Manage Travel Money Abroad
Credit, Debit, Cash, Travel CurrencyYour journey will take you to many countries, each using different local currencies. So how do you plan to manage your currency ?
The options are:
- Travellers Cheques
- Credit Card
- Debit Card
- Pre-Paid Debit Cards
A broad way to protect oneself would be to use most / all of the above options to spread the risk. It is advisable to convert a portion of your cash to US dollars as this is the currency that you will not have problems with (in developing countries). As this currency is widely accepted by money changers at favourable rates. US Dollars can also be used in some countries as currency in parallel with the local currency; Cambodia is one such country where most things are charged in US Dollars and pocket change is handled in local currency. Keep aside 200-300 USD as an emergency.
Taking some of your funds in the form of Travellers cheques (especially for American and Australian currencies) is beneficial for the following reasons:
- Use the cheques as cash in these countries with any change returned to you in cash.
- Added security against theft with travellers cheque numbers (provided you have taken a note of the numbers).
- Keep aside a few hundred US Dollars in travellers cheques for an emergency.
However, if you exchange travellers cheques out side of the country (i.e if you have travellers cheque for US Dollars and attempt to exchange them in Brazil for Reals), the exchange rate charged by the bank / money changer will be poor and you will lose money.
In any case, if you prefer not to use Travellers cheques, an alternative method which offers the same security is a Pre-paid Debit Card. This system replaces any stolen pre-paid cards and keeps the funds in-tact. Although this service is available for a small fee it removes the hassle of keeping track of travellers cheque numbers (other then your debit card details).
Choose a credit card that minimises the potential charges that are currently in place, these are:
- Load fee - this is made up of a Issuer fee (Visa / Mastercard) and a fee that may be charged by the card provider
- Charge for Withdrawing cash using your credit / debit card
- Debit card penalties – you are charged a penalty each time you spend on a card. Normally it is cheaper to spend on a card then to withdraw local currency however in this case it may not be cost effective
- Interest rate charges for withdrawals – normally interest rates are charged if the amount on your credit card is not paid in full, however in this case, interest is charged from the moment you withdraw money.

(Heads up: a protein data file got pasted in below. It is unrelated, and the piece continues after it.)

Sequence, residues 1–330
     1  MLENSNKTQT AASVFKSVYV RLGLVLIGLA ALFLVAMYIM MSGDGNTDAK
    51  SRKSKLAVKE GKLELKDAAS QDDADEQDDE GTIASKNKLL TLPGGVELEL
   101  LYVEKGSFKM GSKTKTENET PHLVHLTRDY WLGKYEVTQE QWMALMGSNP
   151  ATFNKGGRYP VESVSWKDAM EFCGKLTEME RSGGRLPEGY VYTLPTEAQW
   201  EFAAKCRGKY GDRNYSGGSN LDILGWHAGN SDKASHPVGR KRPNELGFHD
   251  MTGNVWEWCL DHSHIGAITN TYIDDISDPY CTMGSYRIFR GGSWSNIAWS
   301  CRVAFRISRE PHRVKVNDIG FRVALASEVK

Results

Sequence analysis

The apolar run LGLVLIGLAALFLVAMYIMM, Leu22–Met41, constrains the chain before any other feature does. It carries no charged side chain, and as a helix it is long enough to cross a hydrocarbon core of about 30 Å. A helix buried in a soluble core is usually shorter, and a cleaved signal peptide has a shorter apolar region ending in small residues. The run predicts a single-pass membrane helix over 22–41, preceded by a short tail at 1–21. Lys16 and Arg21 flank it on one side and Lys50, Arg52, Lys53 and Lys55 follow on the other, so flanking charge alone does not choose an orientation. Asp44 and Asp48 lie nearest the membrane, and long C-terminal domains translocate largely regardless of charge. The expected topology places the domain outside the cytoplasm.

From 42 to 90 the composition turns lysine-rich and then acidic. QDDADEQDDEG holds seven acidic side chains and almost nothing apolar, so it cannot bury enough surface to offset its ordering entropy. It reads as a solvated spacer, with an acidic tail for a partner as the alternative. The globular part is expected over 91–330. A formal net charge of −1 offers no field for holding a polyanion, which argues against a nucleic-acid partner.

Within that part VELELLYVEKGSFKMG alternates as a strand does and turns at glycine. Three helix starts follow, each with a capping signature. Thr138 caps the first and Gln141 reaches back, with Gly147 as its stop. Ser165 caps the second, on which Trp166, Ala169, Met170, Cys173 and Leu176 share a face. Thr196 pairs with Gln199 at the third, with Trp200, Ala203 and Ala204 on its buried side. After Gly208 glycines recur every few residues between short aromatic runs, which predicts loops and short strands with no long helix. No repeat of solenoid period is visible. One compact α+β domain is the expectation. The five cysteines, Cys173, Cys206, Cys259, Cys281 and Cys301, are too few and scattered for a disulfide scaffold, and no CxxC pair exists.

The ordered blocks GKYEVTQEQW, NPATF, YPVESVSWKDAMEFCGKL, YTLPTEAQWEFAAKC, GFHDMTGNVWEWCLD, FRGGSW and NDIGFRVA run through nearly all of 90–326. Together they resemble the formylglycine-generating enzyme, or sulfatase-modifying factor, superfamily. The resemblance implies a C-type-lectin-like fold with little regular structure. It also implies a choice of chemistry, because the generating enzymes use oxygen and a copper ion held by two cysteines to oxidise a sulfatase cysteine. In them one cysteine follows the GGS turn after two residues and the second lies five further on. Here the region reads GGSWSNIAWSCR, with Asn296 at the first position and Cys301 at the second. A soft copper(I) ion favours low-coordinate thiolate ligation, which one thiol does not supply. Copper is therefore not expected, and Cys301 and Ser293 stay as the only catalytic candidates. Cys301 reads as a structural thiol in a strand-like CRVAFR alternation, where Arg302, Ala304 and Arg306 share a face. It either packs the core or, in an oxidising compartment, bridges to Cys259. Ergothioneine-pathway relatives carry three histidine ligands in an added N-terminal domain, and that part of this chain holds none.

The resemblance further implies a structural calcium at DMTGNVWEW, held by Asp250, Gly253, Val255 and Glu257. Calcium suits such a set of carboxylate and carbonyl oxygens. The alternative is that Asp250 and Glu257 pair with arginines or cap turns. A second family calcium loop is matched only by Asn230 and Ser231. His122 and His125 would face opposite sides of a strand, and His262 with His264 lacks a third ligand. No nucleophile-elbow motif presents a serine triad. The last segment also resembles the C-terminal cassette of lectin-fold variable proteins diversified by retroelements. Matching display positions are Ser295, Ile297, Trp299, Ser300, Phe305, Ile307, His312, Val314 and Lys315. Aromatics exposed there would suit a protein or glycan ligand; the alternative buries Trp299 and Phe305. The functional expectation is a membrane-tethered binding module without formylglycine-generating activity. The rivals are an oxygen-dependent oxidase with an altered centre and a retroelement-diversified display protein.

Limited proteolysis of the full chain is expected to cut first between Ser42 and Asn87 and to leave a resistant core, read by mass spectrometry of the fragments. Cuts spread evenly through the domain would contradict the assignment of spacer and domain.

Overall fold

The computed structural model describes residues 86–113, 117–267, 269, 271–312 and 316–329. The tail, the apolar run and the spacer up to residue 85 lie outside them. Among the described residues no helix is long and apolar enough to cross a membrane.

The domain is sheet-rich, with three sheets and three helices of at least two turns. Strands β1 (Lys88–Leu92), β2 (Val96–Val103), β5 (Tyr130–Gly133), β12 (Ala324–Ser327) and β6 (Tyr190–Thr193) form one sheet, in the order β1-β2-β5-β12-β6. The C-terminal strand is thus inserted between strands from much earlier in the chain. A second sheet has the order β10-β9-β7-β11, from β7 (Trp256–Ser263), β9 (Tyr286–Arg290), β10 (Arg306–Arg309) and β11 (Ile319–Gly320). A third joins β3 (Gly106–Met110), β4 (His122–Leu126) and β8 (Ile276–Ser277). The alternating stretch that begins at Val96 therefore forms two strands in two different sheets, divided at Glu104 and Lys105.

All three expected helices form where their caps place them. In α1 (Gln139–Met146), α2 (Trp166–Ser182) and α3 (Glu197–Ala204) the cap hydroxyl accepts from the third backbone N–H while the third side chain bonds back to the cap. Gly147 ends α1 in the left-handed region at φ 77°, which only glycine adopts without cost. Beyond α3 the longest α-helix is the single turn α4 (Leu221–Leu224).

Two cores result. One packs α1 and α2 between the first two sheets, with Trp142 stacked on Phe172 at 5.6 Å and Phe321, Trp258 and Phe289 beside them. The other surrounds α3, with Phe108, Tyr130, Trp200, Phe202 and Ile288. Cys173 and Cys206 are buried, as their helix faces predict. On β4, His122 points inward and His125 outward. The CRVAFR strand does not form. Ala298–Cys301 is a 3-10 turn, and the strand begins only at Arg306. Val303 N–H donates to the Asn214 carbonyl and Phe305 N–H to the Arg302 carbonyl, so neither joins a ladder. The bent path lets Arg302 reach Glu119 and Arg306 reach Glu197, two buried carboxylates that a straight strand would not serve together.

Choosing the right credit card, and paying off your balance in full each month (which I can’t stress enough!), can work out cheaper then exchanging your currency for local currency. This is due to Visa / Mastercard using the international exchange rate, for currency conversion, whereas the money changer will always provide a rate lower than this.
Here is a shortlist of credit cards on the UK market that is considered the best to use whilst on your travels:
Zero credit card - (no Withdrawal fee but charge interest from the
moment you withdraw)
- Halifax Clarity credit card - (no Withdrawal fee but charge interest from the moment you withdraw)
- Sainsburys Gold credit card - (£5 a month fee but no other fees) - for that £5 a month you get Travel Insurance covering 2 adults (under 65) and 6 children under 16 or 23 if they are still in full time education.
- Post Office credit card -(No fee on purchases, but minimum £3 on withdrawals)
(only good for European travel)
These cards charge little or no load fee, little or no withdrawal fee.
Most regular credit cards will charge you a fee for withdrawing funds but will only charge you interest if the sum is not paid in full. However some cards with no withdrawal fee will begin charge interest even if you pay your bill in full. They will charge interest on withdrawals from the moment it is made. Cards like this are Santander Zero and Halifax Carity. To avoid these interest payments, credit your credit card so it is a credit balance. If you then withdraw funds (in the credit balance) there should be no interest charged on cash withdrawals, thus costing you nothing.
The only decent debit cards on the market since Nationwide started to charge (although still better then most):
- Norwich & Peterborough Building Society - no fees but there are caveats:
Classic - Need your salary paying into this account (£500 / month
or they charge £5 a month unless you have £5000 sitting in the
account). Also a £5 fee if you have to dip into the approved
- Gold Light - Need to make a minimum of 5 transaction a month or you get charged £5 unless you have £5000 sitting in your account. Same £5 fee if you dip into the approved overdraft, but it has a ridiculous interest rate.
- Metro Bank - no fees but there are caveats:
- Only one branch in the UK (London)
- Have some concept of instant overdraft which which they charge are charged £10 for a paid item and £5 for an unpaid item for a maximum of 6 items. Also there is a charge of 15% AER when overdrawn.
These are handy cards to have if you can fulfill the conditions and do not go into overdraft.
Pre-Paid Debit Cards
These are convenient alternatives to Travellers cheques. They are generally cheaper than most Credit and Debit cards (but don’t beat the ones mentioned above). These are a good for those that cant get the credit cards mentioned above. There is a cost associated to acquire these cards (an application fee) and a cost of not using them. CaxtonFX, Travelex, FairFX are some companies amongst others who offer pre-paid cards.